Approximately 25% of the U.S. population lives in rural areas, but only 10% of physicians practice in rural areas. This maldistribution of physicians over the last several decades has occurred for many reasons:
- Medical education in the United States has become specialized, centralized and urban.
- Many practitioners emerge from medical programs with a staggering amount of debt and go on to practice in urban areas, where they often receive a higher salary.
More doctors is not the answer
Simply increasing medical school slots is not the answer. According to the Robert Graham Center: Policy Studies in Family Medicine and Primary Care, “Sizeable growth of the physician workforce in the last two decades has not resolved the maldistribution of physicians.” On March 24, 2009 — House Energy and Commerce Committee Chairman Henry A. Waxman said that a congressional overhaul of the health care system must not only provide for universal coverage but also for more primary care doctors and nurses to ensure that an insurance card actually gives the holder access to treatment.
Physicians need to be rooted in the rural community
In a joint 2008 statement, the American Academy of Family Physicians and the National Rural Health Association stated that medical education anchored in rural places, nourished and funded through significant federal, state and local community support, and meaningfully connected to both regional academic institutions and local physicians in practice has great potential to address both present and future needs for physicians who provide care to rural populations.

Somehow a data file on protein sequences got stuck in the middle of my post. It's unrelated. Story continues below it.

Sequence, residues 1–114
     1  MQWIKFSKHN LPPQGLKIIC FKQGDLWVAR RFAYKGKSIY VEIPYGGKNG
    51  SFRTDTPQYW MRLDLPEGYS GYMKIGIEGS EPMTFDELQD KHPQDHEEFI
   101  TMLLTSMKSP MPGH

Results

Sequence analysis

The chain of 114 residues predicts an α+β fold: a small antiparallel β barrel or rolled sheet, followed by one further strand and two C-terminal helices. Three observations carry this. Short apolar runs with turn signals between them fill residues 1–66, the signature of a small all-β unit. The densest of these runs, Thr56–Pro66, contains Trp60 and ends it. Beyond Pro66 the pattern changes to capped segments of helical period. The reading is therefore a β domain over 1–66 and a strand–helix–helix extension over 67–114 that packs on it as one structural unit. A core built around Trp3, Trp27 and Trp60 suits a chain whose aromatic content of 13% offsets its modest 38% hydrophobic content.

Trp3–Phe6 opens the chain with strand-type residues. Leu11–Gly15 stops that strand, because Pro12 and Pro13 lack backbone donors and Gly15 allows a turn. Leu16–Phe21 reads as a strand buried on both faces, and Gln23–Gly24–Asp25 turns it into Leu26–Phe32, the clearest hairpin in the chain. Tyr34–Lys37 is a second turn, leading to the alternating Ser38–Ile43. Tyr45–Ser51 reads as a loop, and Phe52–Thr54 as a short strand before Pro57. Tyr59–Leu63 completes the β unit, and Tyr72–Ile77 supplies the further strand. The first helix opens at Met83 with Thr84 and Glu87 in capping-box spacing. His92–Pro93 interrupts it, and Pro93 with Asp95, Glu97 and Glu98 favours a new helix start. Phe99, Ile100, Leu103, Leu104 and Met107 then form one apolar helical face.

DMU launches program to combat rural physician shortage with incentives
Concerned about the growing physician shortage in rural Iowa, Des Moines University (DMU) has embarked upon a “grow your own” program. DMU and its Area Health Education Center have created the Rural Iowa Provider Education (RIPE) Program.
The RIPE Program provides specialized education, training and tools to better prepare students for service in rural, underserved areas of Iowa. Because one of the known barriers for students choosing a rural medical practice is the tuition debt load from medical school, DMU has made an on-going commitment to annually provide the equivalent of six full tuition scholarships to students enrolled in the Rural Medicine Educational Pathway. In return, graduates agree to maintain a fulltime primary care medical practice in an approved Iowa community for a period of four years.
Are plans like DMU’s RIPE the answer to the shortage of physicians in rural areas? Are there other concerns or issues at hand? How would you bring more physicians into rural areas?
You can find more information about the RIPE Program on DMU’s website.